See Daniel 3: 8-30, Acts 5: 24-32, and 1 Peter 3:13-17

  6. I have so much trouble getting self-righteous about American immigration laws, when this country was founded on the genocide of its first peoples. Our ancestors came and took this land by violent force, and yet here we stand, pretending to be righteous judges of who can immigrate by peaceful means.

  7. Power and Conquest just about sums up how most nation states came into being, from ancient Israel to modern Europe. Oh, and speaking of first peoples, many tribal groups stole their land from other tribal groups before we stole it from them. They didn't permit open immigration either. Not that any of this justifies conquest as a means of nation building, but it is unfair to single out the US as unique.

  8. I won't say that the US is unique, but I will say that it's noteworthy. This conquest wasn't done by some bronze age or medieval monarch, or by some autocrat or totalitarian party that's since passed on.

    The genocide of the First Peoples was done by the same government we swear allegiance to. Granted, it was an earlier version, but there is complete continuity between Andrew Jackson (7th President of the United States) and Barack Obama (44th President of the United States). They are Presidents of the same nation, occupying the same position.

    A lot has changed, but we're still the same nation. We celebrated our Bicentennial in 1976, less than 100 years after the "Indian Removals" were completed and the frontier declared closed.

    We carry this in a way that, for example, today's Irish do not carry the conquest and extinction of the early neolithic and copper-age people that predated Celtic Ireland.

    You could even argue that we carry this in a way that the Russian Republic does not carry the wars and conquests of the Soviet Union, though those happened in the 20th century.

    We are the same country, with the same government, and the same (somewhat amended) constitution. We carry the weight.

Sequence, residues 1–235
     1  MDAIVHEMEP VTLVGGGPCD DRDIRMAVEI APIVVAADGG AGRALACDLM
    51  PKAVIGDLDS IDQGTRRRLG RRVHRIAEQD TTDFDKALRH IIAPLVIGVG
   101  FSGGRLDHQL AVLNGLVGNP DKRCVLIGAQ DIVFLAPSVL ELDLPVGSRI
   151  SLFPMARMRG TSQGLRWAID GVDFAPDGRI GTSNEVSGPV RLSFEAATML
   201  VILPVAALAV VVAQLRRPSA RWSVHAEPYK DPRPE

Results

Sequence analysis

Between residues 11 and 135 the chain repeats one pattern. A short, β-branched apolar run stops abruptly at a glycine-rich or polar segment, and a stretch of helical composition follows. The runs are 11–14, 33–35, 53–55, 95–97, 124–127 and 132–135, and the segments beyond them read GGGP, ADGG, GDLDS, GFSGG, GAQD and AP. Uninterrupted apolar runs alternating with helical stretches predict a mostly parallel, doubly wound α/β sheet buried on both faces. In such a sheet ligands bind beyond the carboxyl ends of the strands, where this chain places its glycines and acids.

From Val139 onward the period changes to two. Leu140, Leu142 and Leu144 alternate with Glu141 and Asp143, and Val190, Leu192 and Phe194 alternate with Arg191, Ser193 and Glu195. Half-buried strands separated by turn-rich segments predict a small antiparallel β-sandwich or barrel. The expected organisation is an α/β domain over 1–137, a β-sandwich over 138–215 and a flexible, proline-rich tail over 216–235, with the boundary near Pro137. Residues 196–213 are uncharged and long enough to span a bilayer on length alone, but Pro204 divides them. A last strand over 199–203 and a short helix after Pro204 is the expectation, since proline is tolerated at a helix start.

And yet I still see waves of self-righteousness about illegal immigration.

  9. Also, I don't subscribe to the idea that "not all First People were peaceful and enlightened, therefore we can shrug off our nation's guilt for genocide."

    I've heard it before. Yes, the Comanches and Apaches were very warlike, and even if that did justify action against them, it's hard to say it justified genocide, and it certainly did nothing to justify genocide against the Iroquois, teh Chocktaw, the Crow, the Chickasaw, the Cherokee, the Sioux, etc.

  10. Are you suggesting that based on the "sins of our fathers" the United States has no moral right to set and enforce policies regarding immigration or simply that indignation over illegal immigration is not justified? Just trying to understand.

  11. RE: the appropriateness of the use of "genocide" to describe the building of our nation at the expense of indigenous groups.

  12. Exodus 23:9 seems to lay out a general principle. That is, that it is God's desire that His people remain sensitive to the needs of the stranger/alien. The passage does not prescribe policy solutions to be applied among all nations for all times.

    In this sense, I see Exodus 23:9 much like Deuteronomy 15:4 "there should be no poverty among you," as an enduring principles that can be applied in various ways in different cultural and historical contexts. ld

    I would submit that immigration laws in the United States have historically honored the intent of this passage, as well as remaining faithful to the "huddled masses" inscription on the Statue of Liberty. We have been, and remain, a welcoming people, albeit within guidelines and limits prescribed by law.

    My concern about the President's recent Executive Actions is that they have the effect of circumventing rather than enforcing existing law, playing havoc with the principles of separation of powers and checks-and-balances which provide the basis for the Republic. Whether or not they are lawful is a matter for the courts to decide. That his actions violate the intent of the Founders seems clear enough.

    FWIW, I personally like the bi-partisan bill passed by the Senate and the unwillingness of the House to take the bill up, or to propose an alternative, frustrates me. Even so, unilateral action is not an acceptable solution. It expands Executive Powers in ways that set a dangerous precedent.

  13. William North,

    Three wishes for you:

    Grace, Mercy, and Peace, from God, our Father and our Lord Jesus Christ.

    Law-ful is not Mercy-Ful,
    Hitler would use Rm13:1-7 constantly
    No being aware that God did not
    appointed us to# wrath: 1Thess 5:9

    The perfect will of God: Psalm 40: 6; 51:16;
    Hosea 6: 6; Mt 9:13; 12: 7; Hebrews 10
    Is evident that the law is good + bad = bad
    no man putteth new wine into old bottles Lk5:37-39
    So, New + Old = Destruction

    This is why Christ is the end of the law
    and our peace Rm10:4, Eph 2:15
    because #fLaw worketh wrath Rm4:15
    therefore #PutAway Ephesians 4:31

    God has not appointed us to Wrath

    Of them/us contrasted in 1 Thess 5:3,9 & Heb 1:1,2
    Because adversarial, contentious has 4 consequences
    Rom2: indignation, wrath, tribulation, anguish
    Asif 4 horses Revelation that has 1st & 4th #woe

    Even in the end there is no mention of law:
    The Grace of our Lord Jesus Christ [be] with you all. amen